Class 14

Classwork

  • Your rough drafts
  • Final questions

Homework

This is it! Presentations are due at the beginning of class. I have already gone over what needs to be in the presentations, but here are some last requirements:

  • You need to have it on my machine so we can project it.
  • It needs to be 5 to 7 minutes long.
  • SPELLCHECK your work. Honestly, you are tired and distracted. Spellcheck.
  • Make sure you practice your presentation: winging it is too loose, reciting it is too boring. Present it once or twice to a friend who knows nothing of web design if possible.
  • Do not read the slides. Just put minimal details in text on your slides and use those words as prompts.

Class 13

Wow, we have 2 weeks after this! I think that we are all in great shape, but next week we will

Classwork

Quick critique of the phone screens:
I just want to check in and make sure everyone feels supported on this. I want to click through as many samples all at once, then look at any areas that are challenging anyone. No need for a one-by-one crit at this point.

Work on the coding portion:
Once again, this is ungraded, so we will move as quickly as you desire

Troubleshooting:
Once again, I will meet with everyone one-on-one as needed.

Homework:

Rough drafts of your presentations

Here is a recap of the expectations for the final presentation:

Presentations should be 5-7 minutes long.When you present your idea, you will need to have the following details covered:

  1. Your elevator pitch: the one sentence wrap up of what your idea/site/product can do and for whom. I always start with this, just to make sure everyone knows where we are going.
    • Remember, we decided that this will be a straightforward pitch: you are pitching your website either to funders or presenting your solution to a client who has solicited the website idea.
  2. Your conclusion from your competitive analysis: remember the initial research you did? Have some key examples ready to back up your claims. Show why your idea will solve a problem better than what is out there, prove it.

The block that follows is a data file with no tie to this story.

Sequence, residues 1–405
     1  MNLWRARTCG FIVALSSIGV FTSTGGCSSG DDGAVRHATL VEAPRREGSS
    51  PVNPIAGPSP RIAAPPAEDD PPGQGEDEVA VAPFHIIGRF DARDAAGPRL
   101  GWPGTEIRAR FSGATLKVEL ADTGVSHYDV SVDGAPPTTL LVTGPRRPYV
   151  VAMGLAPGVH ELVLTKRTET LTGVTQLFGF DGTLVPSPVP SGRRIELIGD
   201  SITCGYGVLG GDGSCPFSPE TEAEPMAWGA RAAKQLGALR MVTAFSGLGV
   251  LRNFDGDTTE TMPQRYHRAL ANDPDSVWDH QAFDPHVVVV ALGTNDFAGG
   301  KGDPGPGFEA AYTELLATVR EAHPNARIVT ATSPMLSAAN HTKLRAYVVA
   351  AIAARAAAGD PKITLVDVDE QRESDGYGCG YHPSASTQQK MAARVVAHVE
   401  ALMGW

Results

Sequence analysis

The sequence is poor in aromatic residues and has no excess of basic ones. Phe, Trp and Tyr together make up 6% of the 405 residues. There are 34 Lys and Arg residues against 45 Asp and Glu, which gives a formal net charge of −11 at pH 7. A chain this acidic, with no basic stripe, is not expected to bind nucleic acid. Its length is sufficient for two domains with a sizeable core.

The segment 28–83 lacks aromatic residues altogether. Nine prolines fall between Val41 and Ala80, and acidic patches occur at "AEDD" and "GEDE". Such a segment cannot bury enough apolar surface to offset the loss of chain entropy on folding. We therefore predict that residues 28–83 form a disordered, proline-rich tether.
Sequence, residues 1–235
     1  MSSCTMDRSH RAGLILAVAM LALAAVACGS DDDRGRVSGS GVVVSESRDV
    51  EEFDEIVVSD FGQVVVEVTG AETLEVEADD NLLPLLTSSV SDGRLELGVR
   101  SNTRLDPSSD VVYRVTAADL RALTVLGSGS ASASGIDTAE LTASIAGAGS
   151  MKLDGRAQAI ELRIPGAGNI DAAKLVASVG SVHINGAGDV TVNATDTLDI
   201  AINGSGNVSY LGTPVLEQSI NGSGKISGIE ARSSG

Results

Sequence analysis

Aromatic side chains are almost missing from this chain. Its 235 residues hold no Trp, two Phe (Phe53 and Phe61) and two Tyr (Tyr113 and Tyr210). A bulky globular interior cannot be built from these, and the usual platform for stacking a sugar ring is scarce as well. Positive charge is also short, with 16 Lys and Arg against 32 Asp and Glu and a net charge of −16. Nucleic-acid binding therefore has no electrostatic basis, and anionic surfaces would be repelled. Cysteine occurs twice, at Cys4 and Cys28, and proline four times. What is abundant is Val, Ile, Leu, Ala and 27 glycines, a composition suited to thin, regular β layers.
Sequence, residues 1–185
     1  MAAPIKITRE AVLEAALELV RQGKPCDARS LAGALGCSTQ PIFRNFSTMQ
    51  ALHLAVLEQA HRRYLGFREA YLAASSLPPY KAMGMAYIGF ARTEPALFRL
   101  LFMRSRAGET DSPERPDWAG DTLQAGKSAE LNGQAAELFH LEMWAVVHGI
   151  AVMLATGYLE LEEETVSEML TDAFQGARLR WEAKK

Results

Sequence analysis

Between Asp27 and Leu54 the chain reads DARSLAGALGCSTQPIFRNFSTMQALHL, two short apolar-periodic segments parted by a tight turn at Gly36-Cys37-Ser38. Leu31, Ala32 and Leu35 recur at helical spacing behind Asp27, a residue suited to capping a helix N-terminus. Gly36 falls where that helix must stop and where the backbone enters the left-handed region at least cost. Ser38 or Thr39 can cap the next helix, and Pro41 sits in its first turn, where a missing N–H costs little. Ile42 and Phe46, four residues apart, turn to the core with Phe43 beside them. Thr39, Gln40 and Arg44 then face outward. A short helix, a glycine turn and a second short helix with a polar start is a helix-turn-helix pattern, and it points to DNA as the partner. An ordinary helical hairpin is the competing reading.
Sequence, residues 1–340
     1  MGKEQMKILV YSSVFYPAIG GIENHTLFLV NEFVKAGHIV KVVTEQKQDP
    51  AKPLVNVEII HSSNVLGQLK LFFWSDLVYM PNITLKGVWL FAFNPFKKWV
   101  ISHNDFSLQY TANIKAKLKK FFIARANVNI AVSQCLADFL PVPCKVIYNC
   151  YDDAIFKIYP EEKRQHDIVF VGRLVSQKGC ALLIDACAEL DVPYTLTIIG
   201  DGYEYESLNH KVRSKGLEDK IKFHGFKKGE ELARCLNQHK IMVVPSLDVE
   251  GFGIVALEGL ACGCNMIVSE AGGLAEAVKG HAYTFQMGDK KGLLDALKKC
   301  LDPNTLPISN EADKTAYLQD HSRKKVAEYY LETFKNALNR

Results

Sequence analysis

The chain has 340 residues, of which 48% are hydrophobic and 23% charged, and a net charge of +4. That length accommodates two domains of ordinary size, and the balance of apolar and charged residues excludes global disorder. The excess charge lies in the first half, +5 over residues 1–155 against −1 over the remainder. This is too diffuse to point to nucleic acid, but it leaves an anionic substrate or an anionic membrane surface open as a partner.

3. Illustrate your knowledge of the target audience: tell a little bit about what you know about who you are trying to serve. Show respect and compassion.
  4. Walk through your sketches, being sure to highlight features or moments where you really serve the audience/user group well. You can talk about any surprises or challenges you encountered here.
  5. Wrap up: tell us how your solution solves the issue at hand. Once again, remind us of the elevator pitch and tie the whole presentation up as a lovely, resolved narrative.

Class 12

Contact Forms

We need to cover some basics of form construction. Here are some excellent examples:  1  |  2  |  3  |  4  |  5

Just remember, you have immense control over styling, Make the form work as a part of the brand message as this is an interaction between you and your user. Make it useful, simple, and inviting.

Video: Lynda.com (login required)

Interactive PDFs

I prepared a PDF to show you how to do a lot of stuff. I will have to cover more later on, but here are some source files to work with.

Code

Here is the code for the responsive demo. We will take a look at it today and start walking through what is what. Here are some handouts: HTML and CSS.

Homework:

You need to wrap up the phone designs for a quick crit next week. We will just walk through the phone screens. I seriously need to see sketches by Wednesday of this week if you want feedback.

Criteria for Internships/First Jobs

Criteria for Opportunities

  • It offers a variety of work experiences, if that is what you are looking for.
    Smaller studios will be looking for people willing to do many things, so keep that in mind.
  • It offers the opportunity to dive deeply into a subject, if that is what you are looking for.
    Larger studios will slot you into a team where you may not get to do a lot of different stuff, but you will get to have lots of specific experience in one or two things.
  • There are great people with whom you can network and connect.
    This is the true benefit of these early experiences: the network you build, the sources you cultivate, and the source you become to others. This is your community. Develop into the citizen you aspire to be and it will absolutely take care of you.

Once you are there, here are some ways to tell if you want to stay:

  • It is fulfilling.
    You are not just there to get coffee, you are an acolyte of a large and world-changing discipline, worthy of respect and cultivation.
  • It is challenging.
    You deserve to be challenged, not just handed the crap work.
  • It leads you to a deeper understanding of what you want (or don’t want) to do with your next five years.
    Have some perspective–start plotting out a course for the next five years, concentrating on a general trajectory without getting too bunged up in details.
  • The culture of the organization is nurturing, meaning you will get useful feedback on your efforts, not just be treated as an indentured servant.